The EU is now no longer aligned with the U.S. Project, and is more in alignment with the Sino-Russian Project. It is Time for the UK to commit to either the U.S. Project, or the diverging E.U. Project.

Common sense and geography dictate that the UK must choose the E.U. Project.

Now a U.K. returning to EU Institutions after two years of embarrassing National Spectacle, is going to be in no mood to take its shame lying down.

Ultimately, the EU Commission will declare a diplomatic victory. Because their intention all along was to make the process of exit *SO* difficult, it would dissuade other secessionist movements elsewhere. If that strategy results in the UK cancelling Brexit altogether, that will be seen as a triumph.

Until an embarrassed, pissed-off, in-no-mood-to-be-conciliatory UK returns in Full Effect to the Organs of the EU.

Now I reckon *THAT’S* going to an opportunity for some *SERIOUS* Disruption.

[X++X] (*E*) [X++X]

_________________
Image

"Never trust what you believe. Trust only what you understand." - Me, 2018


Top
   
PostPosted: Mon Dec 17, 2018 12:29 pm 
Offline
Major General
Major General
User avatar

Joined: Fri Oct 01, 2004 12:00 pm
Posts: 32266
If we had another referendum and remained, and given what's going on in much of Europe in terms of pissed off people, it would be potentially a good opportunity for some serious reform.

However I think leave or remain I find the debate around it toxic and unhealthy. I'd plump for a soft EEA style Brexit - hopefully out enough to appease middle ground remainers and leavers. Maybe. Probably not.

It's a bit of a mess really.

_________________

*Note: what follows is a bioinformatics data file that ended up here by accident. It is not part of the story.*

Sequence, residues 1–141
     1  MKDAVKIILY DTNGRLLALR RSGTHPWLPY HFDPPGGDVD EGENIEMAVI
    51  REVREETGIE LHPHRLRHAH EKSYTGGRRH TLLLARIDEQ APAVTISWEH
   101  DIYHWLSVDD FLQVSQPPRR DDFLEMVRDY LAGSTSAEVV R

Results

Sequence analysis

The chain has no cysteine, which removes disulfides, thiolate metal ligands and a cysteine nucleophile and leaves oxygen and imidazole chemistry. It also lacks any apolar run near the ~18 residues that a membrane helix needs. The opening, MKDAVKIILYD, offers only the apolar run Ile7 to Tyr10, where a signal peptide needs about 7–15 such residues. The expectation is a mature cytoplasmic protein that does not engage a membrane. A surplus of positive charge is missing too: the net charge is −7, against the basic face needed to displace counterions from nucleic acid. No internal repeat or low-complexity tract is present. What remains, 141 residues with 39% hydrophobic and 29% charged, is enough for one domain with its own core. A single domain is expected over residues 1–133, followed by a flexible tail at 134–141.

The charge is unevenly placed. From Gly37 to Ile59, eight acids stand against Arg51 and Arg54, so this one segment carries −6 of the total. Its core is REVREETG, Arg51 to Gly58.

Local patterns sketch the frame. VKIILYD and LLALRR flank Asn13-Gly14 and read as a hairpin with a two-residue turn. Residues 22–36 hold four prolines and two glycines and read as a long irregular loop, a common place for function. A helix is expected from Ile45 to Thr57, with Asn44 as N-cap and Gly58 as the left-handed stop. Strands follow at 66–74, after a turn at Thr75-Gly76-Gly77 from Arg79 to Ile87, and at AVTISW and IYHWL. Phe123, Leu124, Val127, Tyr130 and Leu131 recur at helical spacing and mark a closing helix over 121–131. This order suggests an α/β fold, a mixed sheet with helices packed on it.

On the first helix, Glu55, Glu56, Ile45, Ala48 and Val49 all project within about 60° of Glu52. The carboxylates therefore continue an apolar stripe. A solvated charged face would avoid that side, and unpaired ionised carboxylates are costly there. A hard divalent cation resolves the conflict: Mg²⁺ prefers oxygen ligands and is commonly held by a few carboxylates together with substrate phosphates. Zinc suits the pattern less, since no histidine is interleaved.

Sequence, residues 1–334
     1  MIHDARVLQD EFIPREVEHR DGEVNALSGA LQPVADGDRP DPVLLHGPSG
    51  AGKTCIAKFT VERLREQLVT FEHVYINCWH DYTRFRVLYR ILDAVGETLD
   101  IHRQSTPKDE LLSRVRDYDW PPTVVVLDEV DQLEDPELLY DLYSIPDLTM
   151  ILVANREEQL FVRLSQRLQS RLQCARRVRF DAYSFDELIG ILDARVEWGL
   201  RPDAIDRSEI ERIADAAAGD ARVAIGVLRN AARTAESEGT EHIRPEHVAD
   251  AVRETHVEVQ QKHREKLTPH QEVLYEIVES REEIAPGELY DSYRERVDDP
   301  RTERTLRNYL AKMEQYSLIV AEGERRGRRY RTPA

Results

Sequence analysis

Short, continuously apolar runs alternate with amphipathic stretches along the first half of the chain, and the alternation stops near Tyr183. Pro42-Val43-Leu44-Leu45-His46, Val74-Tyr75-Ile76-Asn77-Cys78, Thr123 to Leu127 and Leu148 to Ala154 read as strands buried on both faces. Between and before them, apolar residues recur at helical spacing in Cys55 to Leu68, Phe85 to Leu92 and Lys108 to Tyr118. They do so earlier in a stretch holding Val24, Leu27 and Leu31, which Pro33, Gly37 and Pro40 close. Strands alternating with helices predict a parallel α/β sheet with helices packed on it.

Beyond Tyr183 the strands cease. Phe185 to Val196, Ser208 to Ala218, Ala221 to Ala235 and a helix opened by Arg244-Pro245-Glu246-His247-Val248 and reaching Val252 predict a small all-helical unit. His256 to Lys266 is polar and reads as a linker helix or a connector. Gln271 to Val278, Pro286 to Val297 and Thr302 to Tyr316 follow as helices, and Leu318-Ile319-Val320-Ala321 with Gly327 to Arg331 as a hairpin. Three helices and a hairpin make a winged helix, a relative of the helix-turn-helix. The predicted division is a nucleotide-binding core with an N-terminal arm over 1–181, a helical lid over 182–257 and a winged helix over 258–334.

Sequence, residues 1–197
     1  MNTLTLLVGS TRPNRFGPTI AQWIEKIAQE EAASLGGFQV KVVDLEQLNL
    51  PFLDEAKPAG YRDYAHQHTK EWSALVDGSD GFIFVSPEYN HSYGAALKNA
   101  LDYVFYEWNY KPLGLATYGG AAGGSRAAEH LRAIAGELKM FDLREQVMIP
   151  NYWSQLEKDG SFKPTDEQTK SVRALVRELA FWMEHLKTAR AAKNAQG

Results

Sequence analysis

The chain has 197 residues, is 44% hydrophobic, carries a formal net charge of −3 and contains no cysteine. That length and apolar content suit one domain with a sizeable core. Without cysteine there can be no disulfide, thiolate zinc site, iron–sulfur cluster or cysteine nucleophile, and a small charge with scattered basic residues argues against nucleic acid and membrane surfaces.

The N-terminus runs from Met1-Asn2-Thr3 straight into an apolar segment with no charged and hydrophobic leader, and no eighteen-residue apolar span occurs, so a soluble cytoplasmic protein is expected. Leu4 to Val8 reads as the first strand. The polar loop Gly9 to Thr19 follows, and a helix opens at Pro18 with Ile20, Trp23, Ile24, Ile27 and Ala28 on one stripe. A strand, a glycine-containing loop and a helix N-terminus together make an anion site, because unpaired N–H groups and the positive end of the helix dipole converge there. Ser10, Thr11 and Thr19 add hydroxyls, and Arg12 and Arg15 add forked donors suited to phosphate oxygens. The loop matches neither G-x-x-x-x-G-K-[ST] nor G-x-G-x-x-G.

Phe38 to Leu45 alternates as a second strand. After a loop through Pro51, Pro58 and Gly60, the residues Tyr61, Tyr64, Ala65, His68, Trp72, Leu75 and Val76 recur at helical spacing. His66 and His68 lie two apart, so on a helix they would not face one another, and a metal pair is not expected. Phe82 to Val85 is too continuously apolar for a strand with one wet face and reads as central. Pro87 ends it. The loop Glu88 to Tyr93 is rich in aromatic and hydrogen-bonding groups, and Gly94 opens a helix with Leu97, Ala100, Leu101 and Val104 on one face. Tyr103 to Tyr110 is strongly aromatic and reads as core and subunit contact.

barcelona wrote:
Pics of Someguy naked wrapped in bacon........


Top
   
PostPosted: Mon Dec 17, 2018 12:32 pm 
Offline
Major General
Major General
User avatar

Joined: Fri Oct 01, 2004 12:00 pm
Posts: 32266
Peter Hitchens wrote:
may I suggest what is known as the Norway Option? You are all blundering around as if you've never even heard of it. Yet it answers all major questions.

It does not require long years of detailed negotiation. We can lift it off the shelf, take it out of the box, and switch it on. It will work straight away.

It doesn't get us completely out of the clutches of the EU. We'd still have to pay some money every year (nothing like as much as now) and accept their regulations when we traded with them, which is reasonable. But we can, if we wish, govern ourselves in all other matters.

Remember, the vote to leave the EU was a narrow one. It was a clear vote to leave, but it was not a huge, overwhelming demand for some kind of wild triumphalist leap in the dark. 'In victory, magnanimity' is a good rule, set out by the Leave campaign's hero, Winston Churchill. It means that you treat your defeated opponents with courtesy and generosity, seeking to win them over to your position, not trampling on them.

By choosing instead to stay in the European Economic Area (EEA), we can leave the EU, make our own trade deals with non-EU countries, but stay in the single market. This (not the quite different Customs Union) is what allows us to have friction-free trade through the Channel Tunnel and across the Irish border. And no, it doesn't force us to accept 'free movement'.